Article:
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Once common throughout the Asian continent, there are now thought to be as few as 34,000 Asian Elephants in the wild. The population has been reduced by over 75 per cent in the last 70 years. The fact that about 20 per cent of the Earth’s population lives in and around the habitats of these elephants, explains the decline.

Asian Elephants face three main threats:

  • habitat loss 
  • poaching
  • human-elephant conflict

As the habitat of the elephants is cleared for development and logging, they are forced to look for alternative food sources, often in the fields of local farmers.

Asian Elephant calf with mother

Taronga Zoo is a driving force behind an Asian Elephant program that assists a number of Asian governments and non-governmental organisations in their efforts to combat these problems. We have provided direct support for field conservation initiatives and expertise on environmental education, wildlife health, facility design and management of elephant populations in Thailand, Cambodia, Nepal and Sri Lanka.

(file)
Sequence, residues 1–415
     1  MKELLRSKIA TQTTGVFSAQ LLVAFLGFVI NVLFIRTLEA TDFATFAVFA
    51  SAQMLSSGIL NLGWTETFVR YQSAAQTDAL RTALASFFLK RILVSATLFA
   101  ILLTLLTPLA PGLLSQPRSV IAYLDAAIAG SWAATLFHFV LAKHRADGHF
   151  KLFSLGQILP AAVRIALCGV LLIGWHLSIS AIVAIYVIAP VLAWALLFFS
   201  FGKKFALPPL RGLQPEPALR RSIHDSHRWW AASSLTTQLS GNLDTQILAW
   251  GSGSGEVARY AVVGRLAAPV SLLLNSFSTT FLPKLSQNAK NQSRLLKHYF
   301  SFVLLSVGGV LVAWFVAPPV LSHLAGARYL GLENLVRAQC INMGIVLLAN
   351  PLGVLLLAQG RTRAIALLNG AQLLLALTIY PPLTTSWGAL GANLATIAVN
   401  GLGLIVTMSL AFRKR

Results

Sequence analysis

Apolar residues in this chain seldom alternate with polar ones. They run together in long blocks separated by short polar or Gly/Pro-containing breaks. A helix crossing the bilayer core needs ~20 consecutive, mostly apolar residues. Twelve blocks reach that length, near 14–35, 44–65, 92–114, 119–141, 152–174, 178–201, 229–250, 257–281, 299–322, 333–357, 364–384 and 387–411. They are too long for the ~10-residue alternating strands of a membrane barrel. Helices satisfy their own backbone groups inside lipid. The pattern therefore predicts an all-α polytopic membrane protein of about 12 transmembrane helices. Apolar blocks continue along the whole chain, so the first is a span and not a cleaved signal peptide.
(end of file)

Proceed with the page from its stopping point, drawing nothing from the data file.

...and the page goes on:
A conservation breeding program for the Australasian region, driven by Taronga’s experts and partner zoos, is a vital part of the international effort towards elephant management. This regional conservation breeding program is designed to build a self-sustaining population of Asian Elephants in Australia, to learn more about caring for elephants, to ensure a genetically strong and healthy herd and ultimately to generate funds and other resources for conservation in the wild. This requires the commitment and hard work of the major zoos in Australia and New Zealand.

The success of this program at Taronga is demonstrated by the births of the first Asian Elephant in Australia, Luk Chai, in 2009 and the more recent births of Pathi Harn and female Tukta.